Most of the Swiss farming community has voiced its support of the extension of a bilateral labour accord to new member states of the European Union.
Only a few dissidents affiliated to the rightwing People's Party have called for a "no" vote on September 25, brandishing fears of a foreign "invasion".
Members of the Swiss Farmers' Union came showed overwhelming support in favour of the free movement of people accord.
Farm owners have always needed cheap and flexible labour, and migrant workers have traditionally come from Italy, Spain or Portugal.
But a rise in living standards in these countries means there are no longer many Italians, Spanish or Portuguese willing to work for low wages in Switzerland.
Cheap labour now comes from eastern Europe and last year, farming accounted for most of the 2,500 short-term work permits set aside for citizens of the new EU member states.
"We need these workers," said John Dupraz, vice-president of the Farmer's Union. "For them, it's also an opportunity to make some money they can set aside for a project of their own."
The union says the EU member states must also be treated equally.
"The EU is our main customer and supplier," added Dupraz. "It's normal for us to have close ties."
But not everyone is prepared to hand over the keys to the farm to foreign workers. Recently, a dissident committee recommended a "no" vote.
"The Farmer's Union is toeing the official line," said Albert Pitteloud, a farmer from canton Valais. "I don't think it reflects what farmers really think."
Pitteloud, a local People's Party politician, says he isn't worried about more foreigners coming to Switzerland. He reckons labourers can come from all over the world, as long as there are restrictions on their movement.
What he does fear is more problems for the Swiss social security system.
"All these people will bring their families along and they will end up getting unemployment or disability benefits," Pitteloud told swissinfo. "It might be cheap labour, but it will end up costing us a lot more."
Before, he remembers, labourers used to come for a few months each year and then head home. "Now we no longer have seasonal work permits, but we haven't abolished the seasons," he adds.
He is not the only member of his party to be nostalgic for the past. Five years ago, People's Party parliamentarian Jean Fattebert – another farmer – called for the creation of a short-term work permit especially for sectors such as agriculture.
Parliament ignored the request, refusing to turn back the clock. Seasonal work permits were declared incompatible with a first set of bilateral accords concluded with the EU in 1999.
"Short-term work permits mean employees are treated like merchandise and not as human beings," said Dupraz, who adds that those fighting against the extension of the labour accord are "idiots who cultivate fear of foreigners to attract votes."
Another farmers' association, Uniterre, which lobbies for ecological and economically sustainable agriculture, says it won't ask its members to vote "yes" or "no" on September 25.
"We don't tell people how to vote," says Uniterre secretary Gérard Vuffrey. "What's important for us is not where labourers come from, but what their working conditions and salaries are."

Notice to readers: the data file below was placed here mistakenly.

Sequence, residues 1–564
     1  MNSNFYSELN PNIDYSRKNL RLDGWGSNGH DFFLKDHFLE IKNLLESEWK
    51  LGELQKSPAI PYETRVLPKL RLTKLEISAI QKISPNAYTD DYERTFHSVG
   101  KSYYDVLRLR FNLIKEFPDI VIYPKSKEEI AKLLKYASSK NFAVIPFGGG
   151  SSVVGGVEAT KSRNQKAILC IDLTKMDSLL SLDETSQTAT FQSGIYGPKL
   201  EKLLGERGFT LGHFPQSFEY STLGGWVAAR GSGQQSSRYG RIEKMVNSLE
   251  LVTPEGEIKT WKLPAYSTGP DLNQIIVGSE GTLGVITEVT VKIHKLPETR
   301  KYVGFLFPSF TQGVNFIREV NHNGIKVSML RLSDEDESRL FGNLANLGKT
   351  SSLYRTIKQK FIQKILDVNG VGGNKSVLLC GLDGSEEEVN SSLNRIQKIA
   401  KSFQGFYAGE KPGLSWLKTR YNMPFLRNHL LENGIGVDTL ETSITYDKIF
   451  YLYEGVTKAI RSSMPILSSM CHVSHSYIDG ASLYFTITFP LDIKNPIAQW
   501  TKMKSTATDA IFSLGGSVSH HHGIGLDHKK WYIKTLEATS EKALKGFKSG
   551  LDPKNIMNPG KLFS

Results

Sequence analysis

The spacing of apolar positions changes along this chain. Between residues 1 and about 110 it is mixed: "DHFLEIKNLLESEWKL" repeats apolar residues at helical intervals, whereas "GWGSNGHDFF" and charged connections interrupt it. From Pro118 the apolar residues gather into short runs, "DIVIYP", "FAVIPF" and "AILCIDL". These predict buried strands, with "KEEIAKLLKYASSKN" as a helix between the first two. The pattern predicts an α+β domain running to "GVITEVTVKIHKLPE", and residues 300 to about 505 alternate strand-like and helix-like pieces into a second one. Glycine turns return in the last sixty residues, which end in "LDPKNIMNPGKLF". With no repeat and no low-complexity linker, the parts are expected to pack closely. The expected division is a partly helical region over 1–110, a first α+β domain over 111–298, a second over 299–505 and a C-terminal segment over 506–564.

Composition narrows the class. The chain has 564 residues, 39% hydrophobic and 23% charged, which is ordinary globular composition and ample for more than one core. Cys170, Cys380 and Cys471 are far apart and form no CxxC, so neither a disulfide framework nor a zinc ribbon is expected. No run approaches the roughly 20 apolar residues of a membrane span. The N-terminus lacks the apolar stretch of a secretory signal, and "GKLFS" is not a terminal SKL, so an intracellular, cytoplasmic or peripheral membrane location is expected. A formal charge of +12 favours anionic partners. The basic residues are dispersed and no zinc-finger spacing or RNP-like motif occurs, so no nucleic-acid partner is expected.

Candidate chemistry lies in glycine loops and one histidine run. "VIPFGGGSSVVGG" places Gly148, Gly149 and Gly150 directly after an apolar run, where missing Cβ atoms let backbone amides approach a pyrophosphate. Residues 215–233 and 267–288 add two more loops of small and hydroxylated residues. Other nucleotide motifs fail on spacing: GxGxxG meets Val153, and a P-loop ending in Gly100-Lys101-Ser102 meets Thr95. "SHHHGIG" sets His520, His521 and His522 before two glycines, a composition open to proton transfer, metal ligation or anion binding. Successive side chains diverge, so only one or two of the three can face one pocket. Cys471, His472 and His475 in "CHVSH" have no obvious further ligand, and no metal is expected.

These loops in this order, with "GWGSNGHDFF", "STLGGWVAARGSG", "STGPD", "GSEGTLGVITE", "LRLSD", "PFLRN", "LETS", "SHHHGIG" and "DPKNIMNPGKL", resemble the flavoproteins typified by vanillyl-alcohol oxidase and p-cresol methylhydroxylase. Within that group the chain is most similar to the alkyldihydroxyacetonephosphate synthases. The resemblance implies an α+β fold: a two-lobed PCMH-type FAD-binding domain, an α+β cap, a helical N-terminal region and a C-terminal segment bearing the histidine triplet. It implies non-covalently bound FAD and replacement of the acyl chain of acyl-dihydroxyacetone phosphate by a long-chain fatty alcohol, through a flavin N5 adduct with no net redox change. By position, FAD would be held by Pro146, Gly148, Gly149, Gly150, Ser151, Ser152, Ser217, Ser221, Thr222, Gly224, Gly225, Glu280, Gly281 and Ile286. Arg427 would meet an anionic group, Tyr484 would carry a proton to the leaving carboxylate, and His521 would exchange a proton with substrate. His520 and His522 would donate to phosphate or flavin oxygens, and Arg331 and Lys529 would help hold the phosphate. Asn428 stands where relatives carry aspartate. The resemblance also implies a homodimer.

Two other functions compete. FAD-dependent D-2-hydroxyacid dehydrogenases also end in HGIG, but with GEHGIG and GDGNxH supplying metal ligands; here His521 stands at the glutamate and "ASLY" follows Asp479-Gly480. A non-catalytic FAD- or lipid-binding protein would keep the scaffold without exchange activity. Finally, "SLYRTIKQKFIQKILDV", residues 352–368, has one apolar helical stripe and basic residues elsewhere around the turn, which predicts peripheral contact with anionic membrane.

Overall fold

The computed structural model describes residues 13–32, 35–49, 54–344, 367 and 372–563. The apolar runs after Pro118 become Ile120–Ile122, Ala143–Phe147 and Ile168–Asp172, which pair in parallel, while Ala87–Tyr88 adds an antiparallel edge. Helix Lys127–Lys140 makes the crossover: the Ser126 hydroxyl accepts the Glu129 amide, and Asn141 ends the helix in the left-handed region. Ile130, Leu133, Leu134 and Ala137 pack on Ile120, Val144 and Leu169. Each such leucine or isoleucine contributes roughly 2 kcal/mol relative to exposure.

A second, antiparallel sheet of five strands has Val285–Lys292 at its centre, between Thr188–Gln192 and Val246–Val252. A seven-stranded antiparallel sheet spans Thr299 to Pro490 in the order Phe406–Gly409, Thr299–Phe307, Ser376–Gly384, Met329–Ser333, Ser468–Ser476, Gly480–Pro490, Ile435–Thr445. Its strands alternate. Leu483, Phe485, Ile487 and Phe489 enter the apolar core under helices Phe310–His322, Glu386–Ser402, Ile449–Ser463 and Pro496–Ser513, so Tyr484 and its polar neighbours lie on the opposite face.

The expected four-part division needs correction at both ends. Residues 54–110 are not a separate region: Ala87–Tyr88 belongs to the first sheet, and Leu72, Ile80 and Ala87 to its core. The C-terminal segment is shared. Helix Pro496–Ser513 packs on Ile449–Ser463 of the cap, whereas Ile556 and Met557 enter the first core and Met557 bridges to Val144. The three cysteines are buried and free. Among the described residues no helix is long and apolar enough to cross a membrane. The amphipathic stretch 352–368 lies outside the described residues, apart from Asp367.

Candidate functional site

Uniterre has been calling for collective bargaining agreement for the farming sector, an idea that has been fought tooth and nail by the Farmers' Union. The country's biggest agricultural association has stuck to issuing salary recommendations for each canton.
Without specific training, a farm labourer can expect to earn between SFr3,000 ($2,380) and SFr4,470 per month. With training and 13 years work experience, an agricultural worker can hope for over SFr7,000.
Foreign labourers have to do with much less. Seasonal workers get as little as SFr2,675 a month during their first year on the job, and these figures include room and board.
Do with less
These numbers, given out by the Farmers' Union don't tell the whole story. Some labourers have to do with even less, especially if they are illegal employees.
Nobody really wants to talk about this problem though. "Of course there are employers who cheat," admits Dupraz, "but I suggest you take a look at other sectors, such as domestic help."
L'Autre Syndicat (the Other Union), an organisation that is trying to bring together illegal farm workers, puts the number of clandestine labourers at around 8,000.
It has also called for a collective bargaining agreement, but has given its support to a "yes" vote in September as well.
Its leader, Philippe Sauvin, says there is no foreign invasion to fear and that free movement of labour will guarantee decent salaries and working conditions that today's illegal workers can only dream about.
swissinfo, Marc-André Miserez
If the Swiss vote "yes" on September 25, workers from the ten new EU member states will only enter the labour market progressively.
Work permits for citizens of the eastern EU states will be otherwise limited until 2011, and possibly 2014 if necessary.
Employers will have to prove they could not find a similarly qualified Swiss for the job.
The cantons will have to ensure the salaries and working conditions of EU employees adapted to Swiss conditions.
According to the Swiss Farmers' Union, 112,000 Swiss worked on private farms in 2000.
Last year, these farms had 12,000 foreign employees, most of whom were on short-term work permits.
Around 80 per cent came from the original 15 EU members and the rest from countries granted access to the Swiss labour market.
Some estimates put the number of illegal farm workers at 8,000.